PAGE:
Unfortunately, even the best temperament tests aren’t very good at predicting future behavior in dogs.
These test are often conducted as a series of scenarios. For puppies, this might include:
- Separation from the litter
- Rolling the puppy on its back
- Opening an umbrella or dropping a pan nearby
For adult dogs, a test might include meeting a stranger, being handled for a mock veterinary exam, and meeting another dog.
The problem is that these tests are often increasingly stressful, almost provoking the dog into a response.
For example, a common test called the Match-Up II (the test we used at Denver Dumb Friends League while I was there) starts with a stressed-out shelter dog. It then takes the dog through a battery of exercises that get increasingly difficult, starting with simply petting and culminating in introducing the dog to a person with a cane, limping walk, funny hat, and sunglasses.
By the time the dog “meets” the “stranger,” it’s hardly a surprise that she’s often fed up and displays some unwanted fear or aggression!
Other food aggression tests basically look like a staff member harassing an eating dog until the dog snaps. Watch the video below and ask yourself if this is really a fair assessment of how “food aggressive” this dog actually is. The dog is practically being harassed until he is fed up!
You’d probably get annoyed pretty quickly if a weird hand kept trying to steal your dinner, too!
Another issue with temperament tests is that they can totally miss specific types of behavior. For example, many dogs are most aggressive if a stranger comes into their home – but you simply can’t test for that in a shelter environment.
One study found that 40.9% of dogs that passed a temperament test (meant to screen for aggression) at a shelter later displayed aggressive behavior like lunging, snapping, or biting. These dogs were evaluated using a modified version of Sue Sternberg’s temperament test.
Another study from Austria that tested puppies at 2-10 days old, 40-50 days old, and 1.5-2 years old found “little correspondence between individuals’ behaviour in the neonate, puppy and adult test.”
However, it’s worth noting that the Austrian researchers created their own temperament test for that study, so it’s unlikely that this test is what your breeder or shelter used.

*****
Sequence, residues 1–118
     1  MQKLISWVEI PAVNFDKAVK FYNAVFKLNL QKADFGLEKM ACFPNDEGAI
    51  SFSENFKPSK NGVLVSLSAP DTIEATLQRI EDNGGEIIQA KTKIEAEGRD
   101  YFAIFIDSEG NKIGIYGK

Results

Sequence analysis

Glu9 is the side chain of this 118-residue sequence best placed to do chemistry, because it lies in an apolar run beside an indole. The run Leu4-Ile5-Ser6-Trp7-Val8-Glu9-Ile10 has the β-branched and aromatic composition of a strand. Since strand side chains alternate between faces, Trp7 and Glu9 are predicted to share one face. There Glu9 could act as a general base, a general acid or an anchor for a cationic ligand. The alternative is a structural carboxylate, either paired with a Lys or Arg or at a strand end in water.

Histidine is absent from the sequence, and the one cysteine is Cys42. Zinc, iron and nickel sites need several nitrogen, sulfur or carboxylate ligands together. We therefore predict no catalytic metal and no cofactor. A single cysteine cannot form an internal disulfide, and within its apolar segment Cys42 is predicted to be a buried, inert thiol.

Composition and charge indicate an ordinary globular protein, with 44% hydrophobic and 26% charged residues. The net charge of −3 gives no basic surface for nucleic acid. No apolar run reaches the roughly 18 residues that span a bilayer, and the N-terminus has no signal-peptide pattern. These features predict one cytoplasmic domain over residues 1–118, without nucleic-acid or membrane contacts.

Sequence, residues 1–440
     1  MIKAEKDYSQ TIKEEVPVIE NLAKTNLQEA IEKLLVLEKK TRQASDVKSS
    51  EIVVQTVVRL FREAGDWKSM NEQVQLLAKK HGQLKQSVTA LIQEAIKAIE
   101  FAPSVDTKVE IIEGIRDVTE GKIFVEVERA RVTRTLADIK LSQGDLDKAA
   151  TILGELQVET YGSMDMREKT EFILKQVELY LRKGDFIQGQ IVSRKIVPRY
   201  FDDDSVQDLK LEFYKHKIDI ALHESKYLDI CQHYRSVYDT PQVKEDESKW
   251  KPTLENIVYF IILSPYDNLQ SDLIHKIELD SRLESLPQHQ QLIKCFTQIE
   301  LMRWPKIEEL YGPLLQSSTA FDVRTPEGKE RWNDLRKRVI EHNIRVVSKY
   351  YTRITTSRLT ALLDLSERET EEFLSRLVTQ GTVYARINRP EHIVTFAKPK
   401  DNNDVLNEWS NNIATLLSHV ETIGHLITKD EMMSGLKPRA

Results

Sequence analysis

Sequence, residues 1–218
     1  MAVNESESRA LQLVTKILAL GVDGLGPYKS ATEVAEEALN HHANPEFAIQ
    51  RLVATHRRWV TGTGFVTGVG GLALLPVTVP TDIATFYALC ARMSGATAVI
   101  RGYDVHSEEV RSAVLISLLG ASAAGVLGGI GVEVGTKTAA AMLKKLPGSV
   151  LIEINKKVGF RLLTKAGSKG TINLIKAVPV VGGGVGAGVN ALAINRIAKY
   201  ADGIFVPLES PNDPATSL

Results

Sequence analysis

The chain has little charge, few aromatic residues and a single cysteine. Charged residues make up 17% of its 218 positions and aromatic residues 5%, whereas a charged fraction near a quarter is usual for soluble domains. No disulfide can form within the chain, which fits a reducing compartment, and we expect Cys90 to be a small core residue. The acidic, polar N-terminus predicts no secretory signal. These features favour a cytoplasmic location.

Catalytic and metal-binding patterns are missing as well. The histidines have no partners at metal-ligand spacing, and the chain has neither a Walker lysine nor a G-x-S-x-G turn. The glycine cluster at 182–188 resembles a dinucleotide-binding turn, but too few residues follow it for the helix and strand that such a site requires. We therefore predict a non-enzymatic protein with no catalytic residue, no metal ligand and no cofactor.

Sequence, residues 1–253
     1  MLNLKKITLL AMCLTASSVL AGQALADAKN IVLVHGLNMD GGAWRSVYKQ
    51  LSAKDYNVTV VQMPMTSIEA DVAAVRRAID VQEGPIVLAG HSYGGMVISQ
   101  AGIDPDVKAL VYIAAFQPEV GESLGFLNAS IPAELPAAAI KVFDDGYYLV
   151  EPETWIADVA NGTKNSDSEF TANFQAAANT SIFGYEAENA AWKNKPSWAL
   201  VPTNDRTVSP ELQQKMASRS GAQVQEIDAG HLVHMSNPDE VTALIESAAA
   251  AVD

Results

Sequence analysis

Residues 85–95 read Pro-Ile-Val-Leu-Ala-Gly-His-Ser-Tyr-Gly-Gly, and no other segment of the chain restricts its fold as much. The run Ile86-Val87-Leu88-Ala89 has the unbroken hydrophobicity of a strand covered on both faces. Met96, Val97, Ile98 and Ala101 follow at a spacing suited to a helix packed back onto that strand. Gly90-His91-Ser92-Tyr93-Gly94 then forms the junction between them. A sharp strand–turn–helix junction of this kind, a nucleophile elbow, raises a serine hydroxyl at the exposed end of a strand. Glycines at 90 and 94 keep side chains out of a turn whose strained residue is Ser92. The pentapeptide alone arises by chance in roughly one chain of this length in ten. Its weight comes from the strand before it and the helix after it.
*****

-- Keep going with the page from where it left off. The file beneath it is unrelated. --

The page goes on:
It’s certainly true that some temperment tests still have value – the C-BARQ test has been shown to have predictive value for some behavioral traits according to a 2012 study. One study from the Animal Rescue League of Boston found that temperament tests have a roughly 43% predictive value.
The bottom line with temperament tests is that they can help when picking out a dog – but it would be foolish to blindly trust a temperament test.
When looking at adopting or purchasing a dog, it’s probably better to determine what you need in your dog, and then interview the people who know that dog best. Don’t put all your eggs in the temperment test basket!
Even at a busy shelter, there’s probably a kennel cleaner or intake staff who knows your dog who can give you far more information than a snapshot test!
The Myth of Nature “Versus” Nurture: It’s Both!
Whenever someone asks me if something is nature or nurture, my answer is almost always the same: it’s both.
The question shouldn’t be, “Nature or nurture?”
The question should be, “How much of this behavior can I change?”
Dogs (and humans, rats, dolphins, and every other animal) come with some predetermined wiring – their genetics. Genetics outline a dog’s size, shape, coloring, and behavioral tendencies.
That’s why we don’t see Huskies that herd sheep, or Greyhounds working as guide dogs.
It’s not that these dogs aren’t physically capable of the job – they are. But their behavioral tendencies make success at certain jobs much easier or harder.
- Huskies are much more likely to chase, bite, or grab the sheep than to gently guide them around using spatial pressure (herding).
- Greyhounds are notoriously fast and interested in chasing things, making them difficult to train for basic guide dog tasks (like holding things or opening doors) that Labs find relatively easy thanks to their history as retrievers.
Genetics plays a significant role, but after a puppy (or kitten, baby, or chick) is born, nurture starts to have a big impact. Life experiences, good or bad, can strongly affect how confident or fearful an animal is.
Whenever you’re frustrated with your dog’s training progress, it’s easy to blame things on nature. It’s also easy to get overly optimistic about things and assume that you can change everything in your dog. Try to be realistic and measured with your plans, goals, and expectations for your dog.
You’ll generally be much happier if you understand your dog’s underlying nature (genetics) and past experiences (nurture) and if you create stepwise plans for behavior change rather than just throwing up your hands and blaming genetics.
Nurture Can Change Nature – Science Makes Things Complicated
Of course, the line of where nature ends and nurture begins gets a bit fuzzier thanks to modern science.
The experiences of a parent can cause permanent changes in genes, which are passed on for generations (this is known as epigenetics).
So – what was the nurture of a parent can actually become the nature of the offspring!
There isn’t much research directly aimed at the epigenetics of dogs – so we have to extrapolate from human and mouse research.